Sunday, January 27, 2008

THE RIGHT THING: THE DISHONOR ROLL

It's not clear exactly when adults stopped cleaning up after themselves. Perhaps they missed those days in kindergarten when the class sang: "Clean up! Clean up! Everybody do your share!"

Evidence indicates that this lesson didn't take. Many people, myself among them, complain that nowadays people constantly neglect to mop up after creating messes in office lunch rooms or break rooms.

One of my readers tells me that her office lunch room is filled with small appliances -- a microwave, a refrigerator -- that management and staff chipped in to purchase. While she was among those contributing, she says, she seldom uses the devices. On the few occasions that she has during the past seven years, she insists, she has always cleaned up any spill or mess, "whether it was pre-existing or not."

Others among the 60 or so workers in her office have not been cleaning up after themselves, however, and it has become a problem. A committee was formed to address the mess, and the committee recommended asking for volunteers for scheduled cleaning.

Like everyone else in the office, my reader was asked to participate. She declined, stating that she already cleans up after herself.

"I have reared my children and I taught them how to clean up after themselves," she writes. "I don't see why I now need to be a maid to these lazy people."

She was told that she would not be included on the clean-up committee, and indeed she wasn't.

When the clean-up schedule was posted in the kitchen, however, it took the form of a list of all employees. In one column were their names, in another their scheduled cleanup times. Opposite the names of my reader and two others, in capital letters, appeared the words: "NOT INCLUDED AT REQUEST OF EMPLOYEE."

Employees who hadn't responded at all nonetheless were assigned a clean-up time.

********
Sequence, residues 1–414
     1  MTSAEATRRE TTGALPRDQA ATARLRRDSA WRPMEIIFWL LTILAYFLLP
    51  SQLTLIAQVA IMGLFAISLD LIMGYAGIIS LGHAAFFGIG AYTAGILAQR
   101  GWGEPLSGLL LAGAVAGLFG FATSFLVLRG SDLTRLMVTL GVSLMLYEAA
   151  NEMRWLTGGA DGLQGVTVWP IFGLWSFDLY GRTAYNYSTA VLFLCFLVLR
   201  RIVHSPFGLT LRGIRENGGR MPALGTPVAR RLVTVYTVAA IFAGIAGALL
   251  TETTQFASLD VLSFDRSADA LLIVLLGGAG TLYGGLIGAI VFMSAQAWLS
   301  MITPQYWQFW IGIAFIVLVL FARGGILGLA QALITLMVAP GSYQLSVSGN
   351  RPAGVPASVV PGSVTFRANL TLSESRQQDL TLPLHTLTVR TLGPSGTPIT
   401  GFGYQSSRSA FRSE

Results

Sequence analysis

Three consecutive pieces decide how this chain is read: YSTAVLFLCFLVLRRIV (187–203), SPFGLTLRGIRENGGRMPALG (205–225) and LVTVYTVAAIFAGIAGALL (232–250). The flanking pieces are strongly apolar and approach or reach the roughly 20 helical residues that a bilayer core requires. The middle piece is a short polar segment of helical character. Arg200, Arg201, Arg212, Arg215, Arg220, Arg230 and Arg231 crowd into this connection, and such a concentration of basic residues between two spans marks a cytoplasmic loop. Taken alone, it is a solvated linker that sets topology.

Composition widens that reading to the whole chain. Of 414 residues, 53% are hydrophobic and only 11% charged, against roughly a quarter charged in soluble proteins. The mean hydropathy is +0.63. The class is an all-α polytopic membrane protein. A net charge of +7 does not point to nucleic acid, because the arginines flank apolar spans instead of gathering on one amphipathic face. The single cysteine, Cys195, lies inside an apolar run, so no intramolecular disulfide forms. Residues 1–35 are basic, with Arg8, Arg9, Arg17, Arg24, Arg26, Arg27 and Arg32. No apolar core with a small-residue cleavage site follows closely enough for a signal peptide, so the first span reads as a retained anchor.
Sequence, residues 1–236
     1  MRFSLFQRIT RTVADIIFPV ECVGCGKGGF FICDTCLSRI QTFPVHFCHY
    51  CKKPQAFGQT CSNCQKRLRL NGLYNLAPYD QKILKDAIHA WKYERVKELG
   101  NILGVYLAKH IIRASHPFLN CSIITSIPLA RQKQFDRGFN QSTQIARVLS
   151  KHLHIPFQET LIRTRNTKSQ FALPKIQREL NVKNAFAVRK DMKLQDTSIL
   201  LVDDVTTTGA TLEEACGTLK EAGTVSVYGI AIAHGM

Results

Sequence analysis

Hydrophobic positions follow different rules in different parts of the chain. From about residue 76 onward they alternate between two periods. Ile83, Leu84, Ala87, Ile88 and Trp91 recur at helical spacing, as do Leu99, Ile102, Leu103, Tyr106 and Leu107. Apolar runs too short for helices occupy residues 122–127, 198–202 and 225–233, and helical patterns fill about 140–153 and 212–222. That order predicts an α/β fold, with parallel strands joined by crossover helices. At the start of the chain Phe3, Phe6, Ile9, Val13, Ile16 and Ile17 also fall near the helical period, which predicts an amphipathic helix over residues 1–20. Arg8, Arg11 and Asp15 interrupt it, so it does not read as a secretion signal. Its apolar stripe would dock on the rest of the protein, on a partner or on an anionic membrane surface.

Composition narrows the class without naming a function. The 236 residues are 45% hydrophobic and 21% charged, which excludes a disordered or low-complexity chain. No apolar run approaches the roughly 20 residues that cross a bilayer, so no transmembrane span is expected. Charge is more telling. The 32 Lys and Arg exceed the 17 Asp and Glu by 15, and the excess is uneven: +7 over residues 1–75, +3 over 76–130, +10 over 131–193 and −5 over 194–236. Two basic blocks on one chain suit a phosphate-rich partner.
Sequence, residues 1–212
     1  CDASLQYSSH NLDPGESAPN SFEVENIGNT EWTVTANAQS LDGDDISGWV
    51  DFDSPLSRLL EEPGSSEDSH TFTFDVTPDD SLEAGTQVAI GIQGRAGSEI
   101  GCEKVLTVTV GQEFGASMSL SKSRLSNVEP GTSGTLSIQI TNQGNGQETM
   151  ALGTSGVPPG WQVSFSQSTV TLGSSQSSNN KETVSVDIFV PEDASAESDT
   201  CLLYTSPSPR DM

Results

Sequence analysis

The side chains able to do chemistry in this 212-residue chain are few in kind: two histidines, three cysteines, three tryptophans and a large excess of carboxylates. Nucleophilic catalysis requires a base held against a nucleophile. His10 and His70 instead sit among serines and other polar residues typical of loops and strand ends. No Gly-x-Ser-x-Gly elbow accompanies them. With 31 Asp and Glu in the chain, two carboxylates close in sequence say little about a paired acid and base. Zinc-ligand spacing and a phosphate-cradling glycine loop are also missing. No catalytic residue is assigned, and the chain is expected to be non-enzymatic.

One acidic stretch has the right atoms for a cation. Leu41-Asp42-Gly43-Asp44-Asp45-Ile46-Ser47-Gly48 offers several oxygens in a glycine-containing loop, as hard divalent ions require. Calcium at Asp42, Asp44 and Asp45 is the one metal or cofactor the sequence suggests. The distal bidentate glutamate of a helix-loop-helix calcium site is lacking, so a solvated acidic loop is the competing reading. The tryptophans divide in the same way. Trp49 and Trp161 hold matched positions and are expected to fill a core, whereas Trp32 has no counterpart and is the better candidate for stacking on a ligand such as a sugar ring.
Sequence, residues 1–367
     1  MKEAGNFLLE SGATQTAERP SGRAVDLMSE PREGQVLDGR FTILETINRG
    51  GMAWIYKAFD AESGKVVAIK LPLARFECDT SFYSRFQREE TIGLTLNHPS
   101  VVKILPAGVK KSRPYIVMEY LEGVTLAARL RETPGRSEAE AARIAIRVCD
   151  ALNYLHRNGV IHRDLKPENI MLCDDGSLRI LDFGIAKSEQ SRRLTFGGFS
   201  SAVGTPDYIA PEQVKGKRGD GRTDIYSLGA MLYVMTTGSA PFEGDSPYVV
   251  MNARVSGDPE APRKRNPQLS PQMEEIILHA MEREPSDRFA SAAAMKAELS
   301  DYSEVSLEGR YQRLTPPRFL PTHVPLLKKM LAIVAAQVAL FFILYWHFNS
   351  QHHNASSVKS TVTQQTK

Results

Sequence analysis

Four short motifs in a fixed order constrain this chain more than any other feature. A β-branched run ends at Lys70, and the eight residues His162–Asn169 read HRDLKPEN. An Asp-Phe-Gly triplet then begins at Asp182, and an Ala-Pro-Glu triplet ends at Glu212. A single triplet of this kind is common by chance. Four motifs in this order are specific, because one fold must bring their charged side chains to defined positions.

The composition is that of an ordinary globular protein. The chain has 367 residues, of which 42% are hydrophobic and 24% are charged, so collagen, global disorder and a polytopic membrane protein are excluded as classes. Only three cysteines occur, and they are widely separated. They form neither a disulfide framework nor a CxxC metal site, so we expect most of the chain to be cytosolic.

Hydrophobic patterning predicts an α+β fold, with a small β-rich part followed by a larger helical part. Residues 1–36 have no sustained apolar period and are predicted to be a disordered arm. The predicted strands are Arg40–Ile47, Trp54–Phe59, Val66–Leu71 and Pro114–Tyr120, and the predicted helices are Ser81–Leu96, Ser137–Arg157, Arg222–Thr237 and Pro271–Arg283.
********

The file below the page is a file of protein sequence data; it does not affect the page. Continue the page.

"We who did not volunteer have been ostracized by other office staff," my reader says, adding that she's heard under-the-breath comments and other nasty remarks.

The colleague who posted the list insists that it was OK to do so, since the list accurately reflected the facts. My reader disagrees.

"To be pointed out like a sore thumb, I believe, was totally unnecessary," she says.

Was this an appropriate way to address the situation?

No, it wasn't. It would have been gracious for my reader to volunteer, but there was absolutely nothing wrong in her not doing so. Calling extra attention to the names of the people who had chosen not to volunteer smacks of pettiness. It's one thing to praise those who do volunteer, another to single out those who don't. To penalize those who don't volunteer, be the penalty social or otherwise, is to miss the basic meaning of "volunteer."

Unless they explicitly told all employees that those who didn't respond would be included in the schedule anyway, the organizers were out of line there as well. No one would assume that employees who didn't respond to a charity-drive planned to donate, and it shouldn't be any different here. A request for volunteers is a request for people to actively put themselves forward, not a draft notice.

The right thing would have been for the organizers to list only the names of the people who had volunteered, along with their scheduled times. They should simply have omitted the names of the people who had opted out or who hadn't responded.